“I will simply say that the issues that I strongly support is, I believe America can do for anyone what she has done for me … there is this time where there is this pervasive force, radical left, parts of corporate America, that continues to force this culture of grievance on the American people,” Scott told the audience — with Carlson looking slightly incredulous in the background, it must be noted.

“And along with the culture of grievance comes this drug of victimhood, the narcotic of despair — that folks have actually figured out that you can make a profit off of conflict,” Scott continued. “I want to stand in the gap and say the truth of my life disproves the lies of the radical forces that believe we should be in constant conflict with one another. America needs positive powerful, biblically sound leadership to regain the high ground.”

Scott went on to relate his personal story and his walk with the Lord — which is powerful stuff, and he said that “if you write a check and you don’t like that, you can have your money back, because I don’t stand for donors, I don’t stand for folks who contribute, I stand because there is a man Who walked on this Earth for 33 years, Who paid the ultimate price for our freedom, and if I’m going to do my job, my job is according to Matthew 25:21: ‘Well done, my good and faithful servant.’ That’s the job I have.”

Scott went on to say, as he retook his seat, that “if you play for an audience of one, it doesn’t matter who makes the contributions. Frankly, I don’t know those donors that you’re talking about who are flocking to my campaign. I’m looking forward to them, I really am.”

This is all very nice, and Carlson agreed: “Speaking for myself, I love what you just said, and I agree with it, amen. It’s just — a lot of Republican primary voters have gotten kind of cynical, because the Republican Party doesn’t care what they think … that maybe donors are kind of driving the agenda and not voters. And I’ve lived in D.C. my whole life, and that’s totally true.”

Thus, the question again: If big-name donors come to Tim Scott from the RINOville section of Wall Street, where would he disagree with them specifically?

Scott’s answer wasn’t awful: First, no bank bailouts; second, a nod toward welfare reform to get “able-bodied” people working; third, “if you commit a violent crime, you go to jail, period”; fourth, “men should compete in sports against men”; and fifth, getting serious about closing the southern border.

“And for those who don’t like common-sense principles driven by the Judeo-Christian foundation, choose another candidate,” Scott said. “It’s that simple.”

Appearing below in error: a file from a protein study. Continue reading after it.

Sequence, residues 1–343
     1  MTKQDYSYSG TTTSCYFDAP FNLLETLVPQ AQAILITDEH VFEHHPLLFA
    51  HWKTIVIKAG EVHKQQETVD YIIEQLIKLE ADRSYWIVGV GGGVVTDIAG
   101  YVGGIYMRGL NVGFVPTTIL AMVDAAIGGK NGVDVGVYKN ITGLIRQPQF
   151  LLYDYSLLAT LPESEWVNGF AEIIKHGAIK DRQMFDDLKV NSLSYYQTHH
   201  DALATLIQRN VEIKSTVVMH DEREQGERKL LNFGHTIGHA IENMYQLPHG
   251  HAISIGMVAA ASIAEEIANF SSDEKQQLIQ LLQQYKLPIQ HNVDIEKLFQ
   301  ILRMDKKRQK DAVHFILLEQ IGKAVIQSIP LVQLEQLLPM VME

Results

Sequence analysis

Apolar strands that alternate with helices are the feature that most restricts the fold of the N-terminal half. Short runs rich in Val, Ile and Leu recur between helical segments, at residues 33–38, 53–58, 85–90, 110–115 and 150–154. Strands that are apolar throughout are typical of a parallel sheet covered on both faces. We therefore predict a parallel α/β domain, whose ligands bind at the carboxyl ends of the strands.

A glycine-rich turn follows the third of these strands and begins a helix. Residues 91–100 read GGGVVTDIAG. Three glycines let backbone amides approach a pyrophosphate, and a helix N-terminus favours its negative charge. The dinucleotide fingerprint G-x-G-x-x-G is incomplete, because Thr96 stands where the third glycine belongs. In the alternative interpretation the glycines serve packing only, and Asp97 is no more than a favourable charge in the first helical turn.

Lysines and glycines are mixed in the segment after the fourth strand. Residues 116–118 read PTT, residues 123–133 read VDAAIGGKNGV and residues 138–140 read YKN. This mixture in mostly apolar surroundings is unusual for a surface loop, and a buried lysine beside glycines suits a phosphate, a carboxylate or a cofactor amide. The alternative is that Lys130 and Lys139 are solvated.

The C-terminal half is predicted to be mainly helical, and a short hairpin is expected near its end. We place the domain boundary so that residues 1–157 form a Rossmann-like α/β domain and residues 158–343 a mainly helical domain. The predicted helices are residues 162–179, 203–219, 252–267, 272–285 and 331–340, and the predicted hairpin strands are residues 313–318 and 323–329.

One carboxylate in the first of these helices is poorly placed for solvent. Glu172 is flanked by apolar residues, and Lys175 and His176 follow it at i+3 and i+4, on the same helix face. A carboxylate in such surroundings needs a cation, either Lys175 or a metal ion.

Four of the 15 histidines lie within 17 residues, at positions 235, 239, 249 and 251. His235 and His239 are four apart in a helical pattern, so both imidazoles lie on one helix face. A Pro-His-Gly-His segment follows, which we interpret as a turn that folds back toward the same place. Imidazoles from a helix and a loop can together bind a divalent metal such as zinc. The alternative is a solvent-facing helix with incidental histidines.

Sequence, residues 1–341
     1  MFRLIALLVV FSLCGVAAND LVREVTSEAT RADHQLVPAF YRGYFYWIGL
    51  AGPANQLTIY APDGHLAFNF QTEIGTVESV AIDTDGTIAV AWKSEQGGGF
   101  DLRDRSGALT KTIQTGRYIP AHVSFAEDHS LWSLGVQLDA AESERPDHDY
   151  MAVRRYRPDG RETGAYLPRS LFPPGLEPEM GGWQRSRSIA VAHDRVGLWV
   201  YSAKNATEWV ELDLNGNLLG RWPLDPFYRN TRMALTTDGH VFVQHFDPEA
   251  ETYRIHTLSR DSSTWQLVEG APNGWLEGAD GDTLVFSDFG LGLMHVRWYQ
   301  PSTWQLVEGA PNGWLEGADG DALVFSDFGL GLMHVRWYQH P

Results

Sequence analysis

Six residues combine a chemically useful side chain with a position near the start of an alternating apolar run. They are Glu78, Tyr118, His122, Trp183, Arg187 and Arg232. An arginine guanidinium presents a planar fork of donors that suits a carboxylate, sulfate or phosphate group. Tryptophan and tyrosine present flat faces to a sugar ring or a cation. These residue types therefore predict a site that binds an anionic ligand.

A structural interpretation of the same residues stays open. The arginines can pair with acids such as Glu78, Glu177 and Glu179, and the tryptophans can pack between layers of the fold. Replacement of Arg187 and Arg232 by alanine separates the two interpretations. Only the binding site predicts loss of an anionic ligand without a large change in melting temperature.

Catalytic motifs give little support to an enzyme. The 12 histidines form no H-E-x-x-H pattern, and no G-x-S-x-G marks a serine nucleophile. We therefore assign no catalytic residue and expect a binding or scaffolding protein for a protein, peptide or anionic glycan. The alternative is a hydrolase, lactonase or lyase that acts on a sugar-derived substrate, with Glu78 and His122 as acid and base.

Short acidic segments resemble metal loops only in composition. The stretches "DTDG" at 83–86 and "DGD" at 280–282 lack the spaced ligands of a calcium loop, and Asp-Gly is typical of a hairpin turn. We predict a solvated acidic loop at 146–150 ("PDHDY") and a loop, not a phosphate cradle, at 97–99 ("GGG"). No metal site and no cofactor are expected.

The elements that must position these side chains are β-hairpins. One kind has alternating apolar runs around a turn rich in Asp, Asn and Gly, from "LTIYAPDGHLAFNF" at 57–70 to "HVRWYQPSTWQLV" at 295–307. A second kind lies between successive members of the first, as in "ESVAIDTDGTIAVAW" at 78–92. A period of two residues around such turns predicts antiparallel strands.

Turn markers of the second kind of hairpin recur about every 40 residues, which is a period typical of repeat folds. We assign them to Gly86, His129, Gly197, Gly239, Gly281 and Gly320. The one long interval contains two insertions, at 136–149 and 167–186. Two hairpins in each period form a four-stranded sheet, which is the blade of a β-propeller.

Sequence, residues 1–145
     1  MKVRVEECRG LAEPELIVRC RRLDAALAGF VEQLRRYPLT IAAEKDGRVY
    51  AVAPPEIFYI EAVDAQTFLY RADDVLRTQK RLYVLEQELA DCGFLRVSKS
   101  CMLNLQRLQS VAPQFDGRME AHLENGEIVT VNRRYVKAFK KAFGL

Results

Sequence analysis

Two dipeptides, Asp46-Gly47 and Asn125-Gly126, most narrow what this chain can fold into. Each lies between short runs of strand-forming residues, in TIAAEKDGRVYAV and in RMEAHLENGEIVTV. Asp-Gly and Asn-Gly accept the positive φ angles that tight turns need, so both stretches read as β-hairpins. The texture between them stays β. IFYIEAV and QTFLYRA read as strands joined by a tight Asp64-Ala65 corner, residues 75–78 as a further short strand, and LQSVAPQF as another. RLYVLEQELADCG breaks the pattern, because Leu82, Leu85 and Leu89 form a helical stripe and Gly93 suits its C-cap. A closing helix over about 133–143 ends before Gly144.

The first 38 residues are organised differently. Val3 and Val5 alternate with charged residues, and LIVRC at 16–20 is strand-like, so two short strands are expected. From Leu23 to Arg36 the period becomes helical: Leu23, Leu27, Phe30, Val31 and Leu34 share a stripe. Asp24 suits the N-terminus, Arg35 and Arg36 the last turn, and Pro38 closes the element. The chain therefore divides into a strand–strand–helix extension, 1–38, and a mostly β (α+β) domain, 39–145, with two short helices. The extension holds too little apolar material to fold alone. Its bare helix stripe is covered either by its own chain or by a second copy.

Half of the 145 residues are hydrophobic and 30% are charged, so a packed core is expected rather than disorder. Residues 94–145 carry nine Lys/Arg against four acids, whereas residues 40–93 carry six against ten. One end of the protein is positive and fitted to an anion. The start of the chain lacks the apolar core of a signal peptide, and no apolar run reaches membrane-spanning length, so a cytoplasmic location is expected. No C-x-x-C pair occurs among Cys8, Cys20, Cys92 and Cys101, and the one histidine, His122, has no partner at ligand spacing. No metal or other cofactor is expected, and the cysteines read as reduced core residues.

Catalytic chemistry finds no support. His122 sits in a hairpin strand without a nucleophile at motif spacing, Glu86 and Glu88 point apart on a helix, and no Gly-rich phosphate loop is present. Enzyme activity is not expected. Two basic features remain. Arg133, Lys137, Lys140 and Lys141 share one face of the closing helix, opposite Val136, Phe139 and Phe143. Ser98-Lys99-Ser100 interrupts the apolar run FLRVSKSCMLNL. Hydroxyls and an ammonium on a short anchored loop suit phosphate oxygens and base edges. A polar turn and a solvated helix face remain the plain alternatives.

Well, not entirely “that simple.” We were four minutes into the question before Carlson was able to bring Scott back to a point of substantively answering it, which isn’t exactly the best augury for a five-point no-buts plan to counter the influence dithering RINO donors might play in the 2024 race.

It’s difficult to disagree with what Scott said when he said it — either in using the question to relay his campaign narrative or when he finally got down to brass tacks — but it’s also somewhat dispiriting to hear the potential new face of “the check-writing class” take four minutes to get to the point where he’ll really answer a question about how he might stand up to said class.

But, if Scott also fails to live up to the expectations of the donors unimpressed with Trump’s reputation or DeSantis’ polling performance, they’ll quickly move on to the next big thing. Rest assured they’ll also take a good four minutes — if not a whole lot longer — to give a substantive answer, as well.

That’s how it works. That’s how D.C. has always worked. And if you want to know why Trump remains popular among Republicans, it’s because he’s one of the few forces untethered to the Beltway-Wall Street axis that has dominated politics for so long on both sides of the aisle. That’s why the GOP elite with control over the checkbooks hate this question being asked, period, because it reveals their priorities aren’t aligned with those of Republican voters in 2023 or 2024. Anyone who gains the favor of “the check-writing class” — Scott included — needs to keep that in mind, or there’s no path to victory no matter how much money is injected into their campaign.

This article appeared originally on The Western Journal.